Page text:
There are thousands of mountains in Helgeland, some more distinctive than others. A few have been important landmarks for seafarers since time immemorial. Some of the mountains are mentioned in the legend of the Seven Sisters. Other mountains just look like they emerged from a fairytale.

The Seven Sisters

Seven steep peaks overlook the town of Sandnessjøen. Each of them is about 1000 metres high, with summits that enjoy mighty views of the Helgeland coast. These mountaintops are amongst our best natural attractions and they are popular hiking destinations.

There are simple marked trails to each peak, as well as between the peaks. If you are in decent physical shape, you might choose a hiking trip to one or two of the peaks. Some hikers insist on ascending all seven peaks in a single day! That, however, is an immense endurance test that requires serious planning and considerable experience and physical training.

Torghatten

Torghatten is a distinctive hat-shaped mountain, famous for having a large hole through it. According to legend, the hole was created when the Sulis Troll-King threw his hat into the air to deflect an arrow fired at the Maiden of Leka by the enraged Horseman who was chasing her. Just as the arrow pierced the hat, the sun rose and all were turned to stone. (Actually the 75 metre high hole was probably carved by ice and water during the last ice age.)

The walk up the mountain and through the famous hole is surprisingly easy, making it perfect for the whole family. The hike takes about an hour.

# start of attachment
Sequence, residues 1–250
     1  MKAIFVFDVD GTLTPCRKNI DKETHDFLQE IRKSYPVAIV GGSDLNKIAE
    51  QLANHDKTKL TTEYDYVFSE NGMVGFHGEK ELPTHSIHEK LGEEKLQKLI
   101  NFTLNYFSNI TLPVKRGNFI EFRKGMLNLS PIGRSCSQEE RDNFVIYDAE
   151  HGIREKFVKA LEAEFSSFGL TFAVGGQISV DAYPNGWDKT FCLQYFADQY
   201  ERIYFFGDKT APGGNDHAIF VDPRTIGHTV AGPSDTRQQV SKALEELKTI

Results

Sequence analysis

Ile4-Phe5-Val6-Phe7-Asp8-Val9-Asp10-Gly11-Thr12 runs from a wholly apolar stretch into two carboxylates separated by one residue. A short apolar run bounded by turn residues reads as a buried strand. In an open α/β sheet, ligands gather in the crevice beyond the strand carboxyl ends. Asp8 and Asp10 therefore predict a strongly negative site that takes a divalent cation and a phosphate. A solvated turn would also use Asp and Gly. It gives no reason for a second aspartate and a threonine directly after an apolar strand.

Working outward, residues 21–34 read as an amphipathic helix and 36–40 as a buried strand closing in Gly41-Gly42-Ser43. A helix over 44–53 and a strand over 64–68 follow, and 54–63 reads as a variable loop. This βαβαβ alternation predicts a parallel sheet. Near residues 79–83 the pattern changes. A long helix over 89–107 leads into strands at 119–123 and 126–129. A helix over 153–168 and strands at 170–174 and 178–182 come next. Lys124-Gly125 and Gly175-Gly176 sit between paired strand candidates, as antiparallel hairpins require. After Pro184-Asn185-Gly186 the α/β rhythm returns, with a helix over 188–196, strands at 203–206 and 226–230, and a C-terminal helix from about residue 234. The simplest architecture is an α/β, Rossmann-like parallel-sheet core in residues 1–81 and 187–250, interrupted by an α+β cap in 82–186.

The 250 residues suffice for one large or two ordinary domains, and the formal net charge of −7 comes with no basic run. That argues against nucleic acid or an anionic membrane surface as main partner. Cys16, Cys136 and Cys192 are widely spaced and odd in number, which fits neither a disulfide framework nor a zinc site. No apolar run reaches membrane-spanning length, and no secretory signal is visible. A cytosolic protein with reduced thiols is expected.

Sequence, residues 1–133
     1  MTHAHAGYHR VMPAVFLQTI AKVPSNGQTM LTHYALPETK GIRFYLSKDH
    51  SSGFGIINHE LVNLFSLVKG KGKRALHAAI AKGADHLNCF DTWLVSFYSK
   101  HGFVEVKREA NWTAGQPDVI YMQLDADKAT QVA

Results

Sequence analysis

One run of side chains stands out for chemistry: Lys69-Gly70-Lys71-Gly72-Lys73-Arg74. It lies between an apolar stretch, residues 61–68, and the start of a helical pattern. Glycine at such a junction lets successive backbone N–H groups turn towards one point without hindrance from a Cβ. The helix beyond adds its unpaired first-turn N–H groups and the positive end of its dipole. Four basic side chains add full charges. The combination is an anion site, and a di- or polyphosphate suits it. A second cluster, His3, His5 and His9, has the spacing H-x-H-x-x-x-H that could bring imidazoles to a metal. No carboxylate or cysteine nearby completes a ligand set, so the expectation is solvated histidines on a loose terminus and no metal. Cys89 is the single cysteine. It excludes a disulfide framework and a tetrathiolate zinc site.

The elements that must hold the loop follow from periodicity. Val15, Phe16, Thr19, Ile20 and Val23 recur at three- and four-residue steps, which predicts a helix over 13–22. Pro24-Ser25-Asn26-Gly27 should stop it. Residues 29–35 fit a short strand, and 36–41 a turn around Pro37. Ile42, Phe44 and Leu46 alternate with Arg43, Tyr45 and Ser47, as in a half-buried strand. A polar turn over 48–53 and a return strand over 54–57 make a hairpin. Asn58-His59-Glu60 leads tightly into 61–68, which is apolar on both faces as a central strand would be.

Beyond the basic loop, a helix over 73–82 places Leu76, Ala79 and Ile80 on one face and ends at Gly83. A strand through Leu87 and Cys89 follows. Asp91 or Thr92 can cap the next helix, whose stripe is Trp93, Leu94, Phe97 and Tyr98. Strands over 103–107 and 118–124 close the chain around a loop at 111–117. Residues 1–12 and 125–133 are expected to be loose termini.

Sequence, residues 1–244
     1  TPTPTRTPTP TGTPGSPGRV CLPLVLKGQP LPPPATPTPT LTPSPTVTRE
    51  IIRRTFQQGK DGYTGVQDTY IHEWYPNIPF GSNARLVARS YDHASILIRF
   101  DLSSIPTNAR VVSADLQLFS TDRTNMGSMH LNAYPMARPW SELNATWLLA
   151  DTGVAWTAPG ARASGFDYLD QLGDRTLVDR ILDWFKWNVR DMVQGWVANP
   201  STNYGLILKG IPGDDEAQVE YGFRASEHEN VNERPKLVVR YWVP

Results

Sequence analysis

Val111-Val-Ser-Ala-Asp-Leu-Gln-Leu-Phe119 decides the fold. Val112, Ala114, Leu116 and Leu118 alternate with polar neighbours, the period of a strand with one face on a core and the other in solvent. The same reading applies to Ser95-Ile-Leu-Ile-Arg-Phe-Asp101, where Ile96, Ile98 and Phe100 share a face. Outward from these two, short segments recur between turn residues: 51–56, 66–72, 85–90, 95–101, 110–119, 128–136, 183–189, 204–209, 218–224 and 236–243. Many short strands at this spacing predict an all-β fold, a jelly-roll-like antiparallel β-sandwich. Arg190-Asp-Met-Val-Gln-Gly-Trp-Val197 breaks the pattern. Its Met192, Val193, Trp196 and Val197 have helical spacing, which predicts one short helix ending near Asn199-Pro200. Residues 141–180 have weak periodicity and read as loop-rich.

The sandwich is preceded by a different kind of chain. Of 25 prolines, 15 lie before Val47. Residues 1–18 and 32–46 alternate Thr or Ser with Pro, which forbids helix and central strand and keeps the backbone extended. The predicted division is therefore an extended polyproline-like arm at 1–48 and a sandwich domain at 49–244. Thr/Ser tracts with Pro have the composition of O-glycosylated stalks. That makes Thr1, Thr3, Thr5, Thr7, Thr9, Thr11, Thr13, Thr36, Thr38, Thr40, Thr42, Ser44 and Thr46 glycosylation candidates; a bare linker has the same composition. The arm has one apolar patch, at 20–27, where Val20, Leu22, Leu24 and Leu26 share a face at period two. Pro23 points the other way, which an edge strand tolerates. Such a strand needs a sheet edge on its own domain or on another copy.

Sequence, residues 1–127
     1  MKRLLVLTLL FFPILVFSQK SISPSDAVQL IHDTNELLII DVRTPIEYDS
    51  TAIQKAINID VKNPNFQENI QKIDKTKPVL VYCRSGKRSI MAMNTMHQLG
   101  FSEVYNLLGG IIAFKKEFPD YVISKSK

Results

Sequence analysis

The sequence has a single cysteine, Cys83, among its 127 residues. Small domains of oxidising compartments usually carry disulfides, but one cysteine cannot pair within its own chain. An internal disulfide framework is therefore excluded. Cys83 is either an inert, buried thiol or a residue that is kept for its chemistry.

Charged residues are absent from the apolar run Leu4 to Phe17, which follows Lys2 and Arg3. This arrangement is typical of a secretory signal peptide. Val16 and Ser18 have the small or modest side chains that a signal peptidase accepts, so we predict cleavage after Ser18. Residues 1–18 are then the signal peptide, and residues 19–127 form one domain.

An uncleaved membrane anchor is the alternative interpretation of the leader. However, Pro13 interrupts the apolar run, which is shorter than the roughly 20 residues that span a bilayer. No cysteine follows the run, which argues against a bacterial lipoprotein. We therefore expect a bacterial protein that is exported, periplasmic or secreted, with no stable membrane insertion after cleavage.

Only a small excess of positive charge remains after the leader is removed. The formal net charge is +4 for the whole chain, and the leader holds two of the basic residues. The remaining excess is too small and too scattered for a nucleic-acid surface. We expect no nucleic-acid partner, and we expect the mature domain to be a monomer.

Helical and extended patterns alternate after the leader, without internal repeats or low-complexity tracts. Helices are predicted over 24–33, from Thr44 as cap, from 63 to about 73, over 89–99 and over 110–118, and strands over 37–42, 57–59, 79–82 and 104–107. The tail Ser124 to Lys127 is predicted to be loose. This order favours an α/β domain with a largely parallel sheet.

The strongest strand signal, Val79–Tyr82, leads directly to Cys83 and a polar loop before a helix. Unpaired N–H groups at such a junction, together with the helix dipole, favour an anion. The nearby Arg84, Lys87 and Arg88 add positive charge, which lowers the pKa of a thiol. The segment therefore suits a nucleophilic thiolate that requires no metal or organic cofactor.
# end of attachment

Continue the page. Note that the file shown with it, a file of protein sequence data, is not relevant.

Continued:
Rødøyløva

Rødøyøva (“the lion of Rødøy”) rises proudly above the rest of the island and, although its height is a modest 443 metres, the view from the summit is impressive. The summit hike is quite easy, with stone steps most of the way. However, hikers should be aware that there are some steep sections, and that one side of the unsecured summit peers down a precipitous cliff.

Please be cautious, tread carefully, obey the Norwegian Mountain Code – and enjoy the great view!

Hestmannen – the Horseman

The Horseman is the villain in the Legend of the Seven Sisters, and the mountain named after him does indeed resemble a cloaked rider. According to legend, while the Horseman chased the Maiden of Leka down the Helgeland coast, the first rays of the sun struck him and he turned to stone.

The island on which the mountain sits has several Norwegian names: Hestmannøy, Hestmona and Storselsøy. You can reach the island by taking the express boat or ferry from Tonnes, Jektvik or Rødøya.

Trænstaven and Trænafjellene

The mountains of Træna rise abruptly from the sea, surrounded by sea and far beyond the Helgeland coast. The highest of its mountains is Trænstaven – it looks like a giant despite being only 338 metres high. All the same, this mountain is extremely steep, almost vertical, and an ascent should not be attempted without rock-climbing equipment and an experienced guide.

Instead, we recommend a walk up the road to Gompen radar station.

Lovundfjellet and the puffin kingdom

Lovundfjellet, which rises in solitary majesty from the sea, is significantly higher than the mountains of Træna. On a clear day, the 623-metre summit enjoys a magnificent view over the entire Helgeland coast. As for most of the mountains on the Helgeland coast, the trail to the top is simple and unsecured, but without the convenience of constructed stone stairs. Always check the weather forecast and seek the advice of locals before you embark on a summit hike. Even if you don’t make it to the top, Lovundfjellet’s beauty can be enjoyed even from the surrounding lowlands.

By the way, Lovund is home to one of Norway’s largest puffin colonies. Up to 300,000 of the curious-looking seabirds nest here each year.

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